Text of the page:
SAN FRANCISCO Track coach Trevor Graham was found guilty Thursday of one count of lying to federal investigators about his relationship to a steroids dealer.
Jurors could not reach a verdict on two other counts.
Graham, who coached former star sprinters Marion Jones and Tim Montgomery, is the second person from the BALCO doping scandal to be convicted at trial. Former elite cyclist Tammy Thomas was found guilty of lying to a federal grand jury when she denied taking steroids.
Graham was charged with three counts of lying to two IRS agents about his relationship with Angel "Memo" Heredia a Laredo, Texas, discus thrower who bought performance-enhancing drugs in Mexico and sold them to many star track athletes.
In an interview in North Carolina in June 2004, Graham denied setting up his athletes with drugs obtained from Heredia, said he never met Heredia in person and that he last contacted Heredia by phone in about 1997.
The jurors convicted Graham on the charge relating to the phone calls, but a mistrial was declared on the other two. Prosecutors, who can retry Graham on those charges, had no comment on their next move.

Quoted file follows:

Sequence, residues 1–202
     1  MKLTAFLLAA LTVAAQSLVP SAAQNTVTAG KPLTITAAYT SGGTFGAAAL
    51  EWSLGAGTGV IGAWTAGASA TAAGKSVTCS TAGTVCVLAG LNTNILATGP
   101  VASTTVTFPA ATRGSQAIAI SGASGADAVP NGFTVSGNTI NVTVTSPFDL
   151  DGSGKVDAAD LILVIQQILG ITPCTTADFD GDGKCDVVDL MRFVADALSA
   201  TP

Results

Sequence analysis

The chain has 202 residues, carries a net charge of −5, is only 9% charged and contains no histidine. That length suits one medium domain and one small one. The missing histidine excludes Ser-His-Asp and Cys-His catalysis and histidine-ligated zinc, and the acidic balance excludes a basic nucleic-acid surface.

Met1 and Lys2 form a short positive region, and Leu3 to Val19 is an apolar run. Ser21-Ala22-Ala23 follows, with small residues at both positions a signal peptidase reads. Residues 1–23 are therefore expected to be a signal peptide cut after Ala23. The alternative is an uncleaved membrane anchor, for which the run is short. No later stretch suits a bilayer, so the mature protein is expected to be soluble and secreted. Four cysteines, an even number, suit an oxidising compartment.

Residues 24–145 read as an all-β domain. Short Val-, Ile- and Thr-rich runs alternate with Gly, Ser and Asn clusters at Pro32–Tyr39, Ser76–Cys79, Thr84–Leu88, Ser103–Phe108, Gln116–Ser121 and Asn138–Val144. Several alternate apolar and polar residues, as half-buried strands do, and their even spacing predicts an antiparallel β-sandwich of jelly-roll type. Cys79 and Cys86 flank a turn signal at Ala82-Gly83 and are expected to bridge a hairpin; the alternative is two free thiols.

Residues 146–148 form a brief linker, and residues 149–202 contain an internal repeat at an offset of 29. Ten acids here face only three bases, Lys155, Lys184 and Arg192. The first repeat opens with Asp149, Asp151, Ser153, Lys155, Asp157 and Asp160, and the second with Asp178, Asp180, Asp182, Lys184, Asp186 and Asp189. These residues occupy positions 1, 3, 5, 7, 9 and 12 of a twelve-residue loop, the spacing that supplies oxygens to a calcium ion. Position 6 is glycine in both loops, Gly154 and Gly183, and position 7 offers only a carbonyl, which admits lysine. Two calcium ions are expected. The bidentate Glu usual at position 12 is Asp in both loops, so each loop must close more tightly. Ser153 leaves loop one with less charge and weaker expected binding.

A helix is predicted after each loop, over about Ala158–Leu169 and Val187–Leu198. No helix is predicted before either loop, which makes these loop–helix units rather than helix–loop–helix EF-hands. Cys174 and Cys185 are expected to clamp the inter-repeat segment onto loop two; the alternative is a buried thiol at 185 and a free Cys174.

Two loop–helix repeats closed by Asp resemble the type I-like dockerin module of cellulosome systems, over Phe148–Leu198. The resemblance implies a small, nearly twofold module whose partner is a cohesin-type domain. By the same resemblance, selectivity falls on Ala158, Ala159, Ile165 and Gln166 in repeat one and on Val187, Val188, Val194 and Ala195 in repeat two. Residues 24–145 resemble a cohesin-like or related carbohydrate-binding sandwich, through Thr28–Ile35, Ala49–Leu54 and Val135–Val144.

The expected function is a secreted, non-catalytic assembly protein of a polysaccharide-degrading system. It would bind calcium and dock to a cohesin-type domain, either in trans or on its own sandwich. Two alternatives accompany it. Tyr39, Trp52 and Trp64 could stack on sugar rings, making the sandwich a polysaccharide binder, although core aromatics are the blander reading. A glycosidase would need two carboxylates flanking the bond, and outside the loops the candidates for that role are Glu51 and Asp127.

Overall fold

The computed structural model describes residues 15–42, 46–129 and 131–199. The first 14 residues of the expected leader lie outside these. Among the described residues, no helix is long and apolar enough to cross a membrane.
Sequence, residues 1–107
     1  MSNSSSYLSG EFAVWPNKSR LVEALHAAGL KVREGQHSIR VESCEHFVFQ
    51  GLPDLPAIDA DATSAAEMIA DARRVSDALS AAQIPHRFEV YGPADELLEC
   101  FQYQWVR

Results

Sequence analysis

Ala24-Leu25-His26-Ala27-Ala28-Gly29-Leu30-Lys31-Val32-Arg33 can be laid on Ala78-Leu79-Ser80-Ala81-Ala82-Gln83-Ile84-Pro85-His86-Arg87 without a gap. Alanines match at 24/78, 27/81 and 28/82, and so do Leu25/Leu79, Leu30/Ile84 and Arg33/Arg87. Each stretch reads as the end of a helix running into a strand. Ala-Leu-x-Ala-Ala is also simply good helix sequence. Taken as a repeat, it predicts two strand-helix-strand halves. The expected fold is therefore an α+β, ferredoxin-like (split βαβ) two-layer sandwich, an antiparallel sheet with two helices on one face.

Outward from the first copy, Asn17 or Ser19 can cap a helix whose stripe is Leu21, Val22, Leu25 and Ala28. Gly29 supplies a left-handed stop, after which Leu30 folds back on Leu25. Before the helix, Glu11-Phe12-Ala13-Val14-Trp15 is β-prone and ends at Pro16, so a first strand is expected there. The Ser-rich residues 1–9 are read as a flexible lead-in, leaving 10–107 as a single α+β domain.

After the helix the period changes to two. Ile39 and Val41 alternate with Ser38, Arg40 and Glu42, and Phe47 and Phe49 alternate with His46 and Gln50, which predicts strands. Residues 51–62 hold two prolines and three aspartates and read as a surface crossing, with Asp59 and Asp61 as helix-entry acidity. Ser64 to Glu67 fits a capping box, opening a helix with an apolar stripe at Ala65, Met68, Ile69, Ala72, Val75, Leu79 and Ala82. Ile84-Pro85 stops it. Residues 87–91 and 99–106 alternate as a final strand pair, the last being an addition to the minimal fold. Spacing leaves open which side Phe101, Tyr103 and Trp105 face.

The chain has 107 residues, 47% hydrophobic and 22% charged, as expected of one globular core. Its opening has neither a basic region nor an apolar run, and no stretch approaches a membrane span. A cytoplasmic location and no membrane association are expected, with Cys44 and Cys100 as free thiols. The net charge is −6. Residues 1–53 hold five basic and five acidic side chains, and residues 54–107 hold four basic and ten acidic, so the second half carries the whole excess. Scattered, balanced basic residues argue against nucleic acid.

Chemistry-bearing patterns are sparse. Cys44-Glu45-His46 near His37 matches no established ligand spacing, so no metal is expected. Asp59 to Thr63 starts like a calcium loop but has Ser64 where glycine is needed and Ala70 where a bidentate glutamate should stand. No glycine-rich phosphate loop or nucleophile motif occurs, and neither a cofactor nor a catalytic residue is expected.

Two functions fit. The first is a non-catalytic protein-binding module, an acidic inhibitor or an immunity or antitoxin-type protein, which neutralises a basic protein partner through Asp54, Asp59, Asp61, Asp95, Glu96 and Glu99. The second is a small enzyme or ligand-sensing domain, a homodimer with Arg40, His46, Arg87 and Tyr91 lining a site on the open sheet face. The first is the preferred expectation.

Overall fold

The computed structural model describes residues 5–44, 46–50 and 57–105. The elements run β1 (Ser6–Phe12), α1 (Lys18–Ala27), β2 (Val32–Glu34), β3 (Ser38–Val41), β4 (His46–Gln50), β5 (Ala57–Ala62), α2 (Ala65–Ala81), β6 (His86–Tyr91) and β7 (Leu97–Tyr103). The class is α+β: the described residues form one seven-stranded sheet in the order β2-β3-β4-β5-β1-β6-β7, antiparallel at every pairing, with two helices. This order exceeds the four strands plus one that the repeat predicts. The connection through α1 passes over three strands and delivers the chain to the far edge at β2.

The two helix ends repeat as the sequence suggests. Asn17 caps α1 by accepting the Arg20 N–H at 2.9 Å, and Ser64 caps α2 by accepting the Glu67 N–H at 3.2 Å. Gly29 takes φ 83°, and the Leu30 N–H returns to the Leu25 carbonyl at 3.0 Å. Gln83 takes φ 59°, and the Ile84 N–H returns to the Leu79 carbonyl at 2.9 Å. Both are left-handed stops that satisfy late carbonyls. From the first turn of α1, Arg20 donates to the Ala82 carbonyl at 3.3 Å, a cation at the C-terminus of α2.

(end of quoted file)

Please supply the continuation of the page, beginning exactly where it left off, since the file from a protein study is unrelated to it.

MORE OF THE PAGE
Graham's attorney William Keane portrayed his client as "the original whistleblower in BALCO" who later was made a scapegoat. In 2003, Graham anonymously sent the U.S. Anti-Doping Agency a vial of "the clear," a then undetectable steroid.
Prosecutors countered that Graham only sent the vial because he was "diming out another drug dealer."
Investigators traced the vial back to the Bay Area Laboratory Co-Operative and used that information to help determine the company was distributing performance-enhancing drugs to elite athletes.
The federal government steroids probe has ensnared a number of athletes, including home run king Barry Bonds. Investigators are also looking into whether pitcher Roger Clemens lied when he told Congress he never used performance-enhancing drugs.
Graham is the latest BALCO figure to be convicted. Others, including Jones and BALCO founder Victor Conte, have pleaded guilty to various charges of perjury, drug and money laundering charges.
Jones is serving a six-month prison sentence, and Montgomery recently was sentenced to four years after pleading guilty to writing bad checks. He also faces heroin distribution charges.
Associated Press writer Paul Elias contributed to this report.